By on April 12, 2012 at 12:05 PM.

DOJ likely to lose eBook antitrust suit against Apple

The United States Department of Justice is likely to lose its antitrust lawsuit targeting Apple and book publishers, according to a report from CNET. A number of legal experts agree that the case against the Cupertino-based company isn’t as strong as the one against publishers. The DOJ “has a far better case against the publishers than Apple,” said Dominick Armentano, professor and author of Antitrust and Monopoly. “If the CEOs of the various publishers got together in hotel rooms to discuss prices, they are sunk” and might as well settle, he said. Within the 36-page complaint, the Justice Department recounts how publishers met over breakfast in a London hotel and during dinners at a Manhattan restaurant to discuss price-fixing. Apple did not attend those meetings, however. More →

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European Commission to investigate Apple, eBook publishers in antitrust probe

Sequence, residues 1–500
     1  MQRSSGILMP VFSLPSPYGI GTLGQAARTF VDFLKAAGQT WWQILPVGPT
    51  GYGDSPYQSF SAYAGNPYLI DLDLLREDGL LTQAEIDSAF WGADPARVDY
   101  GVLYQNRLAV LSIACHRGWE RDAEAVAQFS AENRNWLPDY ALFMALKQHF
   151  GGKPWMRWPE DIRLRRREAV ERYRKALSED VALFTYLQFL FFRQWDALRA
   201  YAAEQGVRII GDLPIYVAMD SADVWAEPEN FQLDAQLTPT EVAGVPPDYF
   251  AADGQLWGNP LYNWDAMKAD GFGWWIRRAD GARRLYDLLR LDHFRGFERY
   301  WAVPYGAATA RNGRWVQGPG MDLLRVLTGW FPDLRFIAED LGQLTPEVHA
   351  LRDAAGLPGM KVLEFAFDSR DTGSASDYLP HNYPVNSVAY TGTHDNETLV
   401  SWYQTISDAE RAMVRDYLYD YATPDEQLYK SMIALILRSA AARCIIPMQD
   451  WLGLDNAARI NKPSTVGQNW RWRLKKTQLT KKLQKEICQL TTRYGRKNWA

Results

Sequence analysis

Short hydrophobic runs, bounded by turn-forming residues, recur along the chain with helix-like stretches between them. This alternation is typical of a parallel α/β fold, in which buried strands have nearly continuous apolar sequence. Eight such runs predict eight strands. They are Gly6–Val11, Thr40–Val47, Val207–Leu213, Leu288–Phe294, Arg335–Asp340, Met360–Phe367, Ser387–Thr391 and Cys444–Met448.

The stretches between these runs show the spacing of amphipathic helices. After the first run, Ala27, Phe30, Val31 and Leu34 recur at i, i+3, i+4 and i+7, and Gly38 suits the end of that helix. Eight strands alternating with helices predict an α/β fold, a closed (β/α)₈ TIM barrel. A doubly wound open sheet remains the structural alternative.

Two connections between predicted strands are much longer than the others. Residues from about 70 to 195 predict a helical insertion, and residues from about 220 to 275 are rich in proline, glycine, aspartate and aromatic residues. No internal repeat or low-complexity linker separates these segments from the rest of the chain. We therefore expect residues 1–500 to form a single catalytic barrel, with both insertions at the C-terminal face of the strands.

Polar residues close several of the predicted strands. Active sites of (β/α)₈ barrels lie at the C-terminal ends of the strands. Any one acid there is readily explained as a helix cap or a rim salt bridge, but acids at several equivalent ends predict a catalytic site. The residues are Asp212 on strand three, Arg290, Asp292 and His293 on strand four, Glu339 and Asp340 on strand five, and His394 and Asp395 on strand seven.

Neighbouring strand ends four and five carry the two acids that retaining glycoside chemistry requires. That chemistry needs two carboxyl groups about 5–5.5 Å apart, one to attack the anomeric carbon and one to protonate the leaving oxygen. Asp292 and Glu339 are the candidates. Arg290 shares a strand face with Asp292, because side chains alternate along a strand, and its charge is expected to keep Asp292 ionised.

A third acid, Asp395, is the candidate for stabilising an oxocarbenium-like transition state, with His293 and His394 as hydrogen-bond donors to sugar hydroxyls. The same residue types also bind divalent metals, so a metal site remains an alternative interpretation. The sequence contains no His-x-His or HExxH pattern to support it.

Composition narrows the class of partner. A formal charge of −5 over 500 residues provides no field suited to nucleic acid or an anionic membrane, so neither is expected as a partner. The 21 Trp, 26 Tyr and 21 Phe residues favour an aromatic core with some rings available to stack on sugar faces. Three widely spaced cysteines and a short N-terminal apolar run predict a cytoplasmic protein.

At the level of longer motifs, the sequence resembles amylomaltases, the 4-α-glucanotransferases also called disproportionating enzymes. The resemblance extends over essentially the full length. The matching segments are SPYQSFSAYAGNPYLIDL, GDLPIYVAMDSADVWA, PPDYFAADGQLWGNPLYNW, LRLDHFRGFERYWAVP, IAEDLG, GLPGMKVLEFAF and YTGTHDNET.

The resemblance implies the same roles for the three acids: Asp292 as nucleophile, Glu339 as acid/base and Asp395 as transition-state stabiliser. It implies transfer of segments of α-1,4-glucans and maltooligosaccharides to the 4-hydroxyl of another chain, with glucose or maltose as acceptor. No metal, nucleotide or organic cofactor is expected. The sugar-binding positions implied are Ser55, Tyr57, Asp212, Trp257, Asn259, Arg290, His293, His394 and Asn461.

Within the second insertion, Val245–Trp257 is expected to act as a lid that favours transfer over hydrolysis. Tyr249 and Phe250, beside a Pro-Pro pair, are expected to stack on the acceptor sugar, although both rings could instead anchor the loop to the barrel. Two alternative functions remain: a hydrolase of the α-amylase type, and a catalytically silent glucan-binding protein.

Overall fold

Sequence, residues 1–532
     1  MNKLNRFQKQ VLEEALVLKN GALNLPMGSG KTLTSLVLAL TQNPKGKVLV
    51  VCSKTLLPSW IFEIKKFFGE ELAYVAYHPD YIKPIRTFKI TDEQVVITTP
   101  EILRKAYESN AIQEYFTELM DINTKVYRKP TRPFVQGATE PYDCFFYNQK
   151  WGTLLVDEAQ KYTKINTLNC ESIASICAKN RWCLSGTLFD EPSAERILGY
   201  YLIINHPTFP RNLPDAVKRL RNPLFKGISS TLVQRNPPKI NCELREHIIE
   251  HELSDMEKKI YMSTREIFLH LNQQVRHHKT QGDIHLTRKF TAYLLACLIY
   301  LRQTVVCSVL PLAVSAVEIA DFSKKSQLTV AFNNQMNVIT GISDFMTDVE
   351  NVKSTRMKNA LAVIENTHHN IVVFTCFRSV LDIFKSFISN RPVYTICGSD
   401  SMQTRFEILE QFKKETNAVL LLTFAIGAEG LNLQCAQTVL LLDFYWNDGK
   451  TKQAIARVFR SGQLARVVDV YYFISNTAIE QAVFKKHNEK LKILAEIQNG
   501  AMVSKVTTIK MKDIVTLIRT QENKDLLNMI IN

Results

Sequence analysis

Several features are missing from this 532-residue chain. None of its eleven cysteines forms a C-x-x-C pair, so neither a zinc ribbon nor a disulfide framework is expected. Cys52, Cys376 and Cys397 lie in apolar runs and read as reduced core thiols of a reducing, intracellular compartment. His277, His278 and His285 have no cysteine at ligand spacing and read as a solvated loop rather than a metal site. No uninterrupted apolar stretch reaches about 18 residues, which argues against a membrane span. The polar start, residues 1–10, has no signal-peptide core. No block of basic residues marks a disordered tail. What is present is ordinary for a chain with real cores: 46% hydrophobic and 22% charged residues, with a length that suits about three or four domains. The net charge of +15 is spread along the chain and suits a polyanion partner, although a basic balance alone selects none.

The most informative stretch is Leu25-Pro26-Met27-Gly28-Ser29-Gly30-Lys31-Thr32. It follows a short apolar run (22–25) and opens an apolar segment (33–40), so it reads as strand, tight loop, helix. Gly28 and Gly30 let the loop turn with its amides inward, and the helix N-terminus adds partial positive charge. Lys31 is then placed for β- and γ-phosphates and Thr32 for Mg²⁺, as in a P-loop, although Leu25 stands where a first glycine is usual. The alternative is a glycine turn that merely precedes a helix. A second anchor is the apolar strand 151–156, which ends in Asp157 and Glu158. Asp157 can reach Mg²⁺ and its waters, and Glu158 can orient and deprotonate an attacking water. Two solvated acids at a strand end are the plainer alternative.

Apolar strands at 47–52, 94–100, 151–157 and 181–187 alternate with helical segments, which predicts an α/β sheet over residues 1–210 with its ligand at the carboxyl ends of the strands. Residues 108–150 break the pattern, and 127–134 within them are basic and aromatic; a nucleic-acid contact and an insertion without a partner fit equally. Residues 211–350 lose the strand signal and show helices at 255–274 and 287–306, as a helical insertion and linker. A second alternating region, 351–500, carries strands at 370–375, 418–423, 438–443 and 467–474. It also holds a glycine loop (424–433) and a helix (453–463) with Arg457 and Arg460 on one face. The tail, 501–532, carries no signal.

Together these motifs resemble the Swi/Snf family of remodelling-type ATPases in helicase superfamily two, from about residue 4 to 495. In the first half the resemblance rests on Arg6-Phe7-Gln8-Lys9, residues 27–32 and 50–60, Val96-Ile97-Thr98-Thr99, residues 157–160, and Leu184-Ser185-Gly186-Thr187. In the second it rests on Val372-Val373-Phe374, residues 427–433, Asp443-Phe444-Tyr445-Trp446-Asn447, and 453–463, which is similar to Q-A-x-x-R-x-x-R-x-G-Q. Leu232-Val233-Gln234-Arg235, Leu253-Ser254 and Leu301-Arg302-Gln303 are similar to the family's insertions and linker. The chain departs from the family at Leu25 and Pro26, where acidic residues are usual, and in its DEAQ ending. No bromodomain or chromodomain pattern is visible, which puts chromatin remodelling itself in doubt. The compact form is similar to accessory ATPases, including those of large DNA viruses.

By on December 6, 2011 at 9:01 AM.

European Commission to investigate Apple, eBook publishers in antitrust probe

The European Commission announced Tuesday that it has opened formal proceedings to investigate whether or not major eBook publishers, possibly “with the help of Apple,” are “engaged in anti-competitive practices affecting the sale of eBooks.” The publishing companies named in the investigation include Hachette Livre, Harper Collins, Simon & Schuster, Penguin and Verlagsgruppe Georg von Holzbrinck. “The Commission will in particular investigate whether these publishing groups and Apple have engaged in illegal agreements or practices that would have the object or the effect of restricting competition in the EU or in the EEA,” the European Commission said in a statement. It is unclear how long the investigation will take. A press release from the European Commission follows after the break. More →

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First Steve Jobs authorized biography to land in 2012

By on April 11, 2011 at 8:33 PM.

First Steve Jobs authorized biography to land in 2012